NEW YORK — Researchers have generated a single-cell atlas of pharaoh ant brains, giving a glimpse into their social division of labor.
Ant colonies have been thought of as a type of superorganism, as different members — workers, queens, males, or unfertilized gynes that develop into queens — have specific jobs, suggesting that their brains could also have adapted to their particular functions.
A BGI-Research-led team generated transcriptomes for more than 200,000 single nuclei isolated from the brains of pharaoh ants, Monomorium pharaonis. As they reported on Thursday in Nature Ecology & Evolution, the researchers found the brains of worker and male ants to be highly specialized and further noted transcriptomic changes in the brains of gynes as they transformed into queens.
"Our discoveries suggest that functional specialization of their brains appears to be a mechanism underlying the social task division among individual ants," first author Qiye Li, a researcher at BGI-Research, said in a statement. "We humans learn and train ourselves to do different jobs, while ants are born with a specific role in their colony."
The researchers conducted whole-brain single-nucleus sequencing of four gyne, four queen, four male, and five worker ants. For each type of ant, they generated data on an average of 50,000 nuclei, for a total of 206,367 nuclei.
Based on gene expression patterns, these nuclei clustered into 43 groups, many of which the researchers could annotate based on marker genes from Drosophila and hymenopteran species. They could, for instance, identify Kenyon cells, olfactory projection neurons, and ensheathing glia. They further annotated optic lobe cell types for which marker genes are lacking based on similar to orthologous genes in Drosophila and Harpegnathos saltator, a type of ant found in India.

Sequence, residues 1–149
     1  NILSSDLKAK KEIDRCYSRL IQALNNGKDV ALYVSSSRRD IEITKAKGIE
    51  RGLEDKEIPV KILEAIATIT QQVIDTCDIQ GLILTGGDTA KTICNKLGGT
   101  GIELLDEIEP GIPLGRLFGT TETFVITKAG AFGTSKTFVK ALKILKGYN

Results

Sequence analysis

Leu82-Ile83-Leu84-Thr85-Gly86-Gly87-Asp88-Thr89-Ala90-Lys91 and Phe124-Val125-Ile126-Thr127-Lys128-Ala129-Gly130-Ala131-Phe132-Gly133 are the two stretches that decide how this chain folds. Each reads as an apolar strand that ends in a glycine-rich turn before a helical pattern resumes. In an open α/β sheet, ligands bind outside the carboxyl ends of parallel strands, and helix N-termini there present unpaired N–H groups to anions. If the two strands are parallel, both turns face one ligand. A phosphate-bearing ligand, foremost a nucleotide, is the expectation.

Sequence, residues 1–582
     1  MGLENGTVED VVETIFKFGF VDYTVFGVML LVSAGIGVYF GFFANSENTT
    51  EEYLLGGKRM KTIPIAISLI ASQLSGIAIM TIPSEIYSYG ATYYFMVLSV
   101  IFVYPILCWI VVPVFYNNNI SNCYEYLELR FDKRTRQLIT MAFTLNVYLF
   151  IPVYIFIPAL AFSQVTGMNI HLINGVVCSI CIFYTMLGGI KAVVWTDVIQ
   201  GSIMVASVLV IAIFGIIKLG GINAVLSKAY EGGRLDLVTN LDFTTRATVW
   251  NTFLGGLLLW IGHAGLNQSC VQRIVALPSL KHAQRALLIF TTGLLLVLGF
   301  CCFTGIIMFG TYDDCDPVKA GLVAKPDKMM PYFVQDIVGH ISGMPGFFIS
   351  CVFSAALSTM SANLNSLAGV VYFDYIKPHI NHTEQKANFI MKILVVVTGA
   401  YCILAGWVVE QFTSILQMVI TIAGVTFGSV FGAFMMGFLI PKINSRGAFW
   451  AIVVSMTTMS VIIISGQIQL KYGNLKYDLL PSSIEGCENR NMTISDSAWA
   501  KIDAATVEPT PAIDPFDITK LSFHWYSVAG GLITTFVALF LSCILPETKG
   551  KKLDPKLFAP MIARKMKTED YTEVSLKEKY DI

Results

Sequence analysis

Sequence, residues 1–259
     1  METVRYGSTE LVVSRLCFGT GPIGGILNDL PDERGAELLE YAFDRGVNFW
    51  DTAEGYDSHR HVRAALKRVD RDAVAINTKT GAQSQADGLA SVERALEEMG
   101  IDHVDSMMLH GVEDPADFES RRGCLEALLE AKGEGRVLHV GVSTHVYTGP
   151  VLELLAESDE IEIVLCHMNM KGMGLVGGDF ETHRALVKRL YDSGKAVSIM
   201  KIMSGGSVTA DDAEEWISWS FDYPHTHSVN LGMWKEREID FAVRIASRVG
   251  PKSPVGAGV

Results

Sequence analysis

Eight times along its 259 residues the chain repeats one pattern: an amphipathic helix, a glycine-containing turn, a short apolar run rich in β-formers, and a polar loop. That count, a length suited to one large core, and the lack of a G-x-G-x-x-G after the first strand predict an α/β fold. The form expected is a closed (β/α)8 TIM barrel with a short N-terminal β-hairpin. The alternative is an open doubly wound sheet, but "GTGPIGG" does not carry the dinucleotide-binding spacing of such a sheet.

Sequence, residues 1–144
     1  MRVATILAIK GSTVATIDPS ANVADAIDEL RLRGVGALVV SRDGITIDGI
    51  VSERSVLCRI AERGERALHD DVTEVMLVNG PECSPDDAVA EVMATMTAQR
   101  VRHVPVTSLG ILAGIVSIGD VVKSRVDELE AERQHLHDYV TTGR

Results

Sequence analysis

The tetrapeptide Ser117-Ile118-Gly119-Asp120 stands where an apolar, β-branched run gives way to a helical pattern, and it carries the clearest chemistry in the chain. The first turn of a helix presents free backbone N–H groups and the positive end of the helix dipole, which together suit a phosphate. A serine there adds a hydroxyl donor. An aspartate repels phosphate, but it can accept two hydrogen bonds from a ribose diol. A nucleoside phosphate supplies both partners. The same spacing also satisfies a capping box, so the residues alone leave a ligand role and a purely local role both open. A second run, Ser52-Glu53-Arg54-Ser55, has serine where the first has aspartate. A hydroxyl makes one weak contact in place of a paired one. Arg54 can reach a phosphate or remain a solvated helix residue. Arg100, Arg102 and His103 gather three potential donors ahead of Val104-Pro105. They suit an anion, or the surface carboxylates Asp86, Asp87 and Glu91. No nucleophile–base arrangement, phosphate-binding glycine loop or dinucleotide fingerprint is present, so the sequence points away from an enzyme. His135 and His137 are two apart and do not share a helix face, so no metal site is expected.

Nearly all of the cell types the researchers identified were present among the M. pharaonis ant castes, but they were present in varying amounts.
Queens and gynes, for instance, had largely generalized cell compositions. For many ants, queens may retain a generalist function, as they have to strike out on their own to form a new colony, though M. pharaonis queens do not do that. Still, the researchers said that M. pharaonis queens do sometimes fail to become inseminated and then perform more worker-like behaviors.
At the same time, they noted that queens have lower levels of optic lobe cell types, suggesting that vision-related functions may have degenerated in them as they spend most of their time in the dark inner nest.
Worker ants, which are female, and male ants were more specialized. Worker ants had higher portions of Kenyon cells and olfactory projection neurons, but lower levels of optic lobe neurons. Male ants, by contrast, featured the opposite pattern.
These differences are consistent with the ants' social and sexual specializations. Worker ants are responsible for all the tasks of the ant colony other than reproduction and need brains that handle those various tasks, as reflected by Kenyon cells and olfactory projection neurons that process complex information. Male ants, though, only have one function of finding and inseminating a virgin queen.
The researchers also noted a change in the proportion of cell types among gynes upon insemination. For instance, one cell cluster that expresses higher levels of ple and DAT, both of which indicate the involvement of dopaminergic neurons, became more predominant. Based on this, the researchers treated a portion of M. pharaonis gynes with L-Dopa to find that it led them to have more yolky oocytes, suggesting a gonadotrophic role for dopamine. They further found that dopamine likely has its gonadotrophic effect through the Dh31-expressing neurons found in another cluster.
"This study helps us understand the complexity of ant brains and how the complementary specialization in brains enables ants within a colony to function as a superorganism," co-corresponding author Guojie Zhang from Zhejiang University said in a statement.